They were called “nance” or “pansy” performers in the Roaring Twenties, those burlesque men who sang and acted in an effete manner, spoke with a lisp, and pranced about stage with a swish. The N.Y. Times had an article about them in a recent Sunday Theater section, focusing on some of the more famous ones. Two examples that people today might recognize were Bert Lahr’s performance of the Cowardly Lion in The Wizard of Oz, Edward Everett Horton, whose distinctive voice many will recall from “Fractured Fairy Tales” on the Rocky and Bullwinkle Show, and Paul Lynde in Hollywood Squares and Bye Bye Birdie. Of course, nance performers were parodying gays, but that didn’t mean the performers themselves were gay, just as many people in blackface weren’t black. And many were.
Here’s another example mentioned in the Times article: Harry Rose singing “Frankfurter Sandwiches” as seen on www.youtube.com/watch?v=A6HB-w_7xRM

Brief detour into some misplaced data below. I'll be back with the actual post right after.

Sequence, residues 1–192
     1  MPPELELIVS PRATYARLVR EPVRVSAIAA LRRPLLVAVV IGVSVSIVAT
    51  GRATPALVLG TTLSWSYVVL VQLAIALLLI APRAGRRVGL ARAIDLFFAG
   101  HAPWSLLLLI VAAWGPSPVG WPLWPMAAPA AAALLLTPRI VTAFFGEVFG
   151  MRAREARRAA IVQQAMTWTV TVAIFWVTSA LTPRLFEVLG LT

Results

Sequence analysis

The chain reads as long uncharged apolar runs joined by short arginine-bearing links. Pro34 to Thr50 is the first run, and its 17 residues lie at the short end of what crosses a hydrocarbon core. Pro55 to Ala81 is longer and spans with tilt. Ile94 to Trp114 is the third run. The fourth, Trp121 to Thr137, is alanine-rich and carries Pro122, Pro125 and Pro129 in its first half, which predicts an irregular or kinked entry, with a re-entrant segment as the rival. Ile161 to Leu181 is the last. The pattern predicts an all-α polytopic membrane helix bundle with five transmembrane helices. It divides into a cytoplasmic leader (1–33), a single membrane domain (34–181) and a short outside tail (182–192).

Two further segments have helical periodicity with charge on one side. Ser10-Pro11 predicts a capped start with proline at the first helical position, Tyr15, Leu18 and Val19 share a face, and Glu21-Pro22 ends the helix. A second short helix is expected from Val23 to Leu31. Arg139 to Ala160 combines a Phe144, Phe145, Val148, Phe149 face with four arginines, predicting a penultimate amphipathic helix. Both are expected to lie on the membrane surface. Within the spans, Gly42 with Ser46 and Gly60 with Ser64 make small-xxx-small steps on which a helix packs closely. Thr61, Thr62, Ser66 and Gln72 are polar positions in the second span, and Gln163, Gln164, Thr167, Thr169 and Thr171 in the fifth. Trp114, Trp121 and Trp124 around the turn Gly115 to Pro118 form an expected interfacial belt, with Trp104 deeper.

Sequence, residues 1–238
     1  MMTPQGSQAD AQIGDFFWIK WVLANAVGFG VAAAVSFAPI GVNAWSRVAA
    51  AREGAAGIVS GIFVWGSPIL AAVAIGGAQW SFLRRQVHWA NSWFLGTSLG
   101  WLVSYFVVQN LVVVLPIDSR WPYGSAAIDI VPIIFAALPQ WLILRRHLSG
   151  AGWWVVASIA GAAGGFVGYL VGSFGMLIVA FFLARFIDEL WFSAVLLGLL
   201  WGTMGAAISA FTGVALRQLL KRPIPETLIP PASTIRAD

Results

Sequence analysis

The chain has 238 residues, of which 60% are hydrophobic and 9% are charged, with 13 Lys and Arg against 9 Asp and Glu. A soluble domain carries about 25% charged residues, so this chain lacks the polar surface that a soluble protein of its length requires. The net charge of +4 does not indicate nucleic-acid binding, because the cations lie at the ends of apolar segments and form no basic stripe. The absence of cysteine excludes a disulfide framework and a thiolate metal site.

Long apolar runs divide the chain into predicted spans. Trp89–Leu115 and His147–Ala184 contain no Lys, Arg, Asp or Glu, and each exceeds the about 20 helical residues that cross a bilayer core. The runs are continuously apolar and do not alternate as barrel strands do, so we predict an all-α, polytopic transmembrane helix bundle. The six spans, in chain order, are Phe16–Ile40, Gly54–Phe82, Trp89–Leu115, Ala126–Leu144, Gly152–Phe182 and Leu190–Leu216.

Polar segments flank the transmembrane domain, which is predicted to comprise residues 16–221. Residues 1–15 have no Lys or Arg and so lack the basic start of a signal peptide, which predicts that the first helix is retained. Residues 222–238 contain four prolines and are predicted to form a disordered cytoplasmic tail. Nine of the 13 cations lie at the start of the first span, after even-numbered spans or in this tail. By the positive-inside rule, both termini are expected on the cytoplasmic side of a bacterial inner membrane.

As you might think, I was very interested in this subject for possible use in one of my Roaring Twenties mysteries. But then I realized such performers only worked in burlesque and so far, I’ve steered clear of that genre. Maybe in a future story, I’ll be able to incorporate a nance/pansy performer, or at least I might mention that so-and-so had been a pansy performer in burlesque some years ago . . . You never know when these little tidbits of information will come in handy.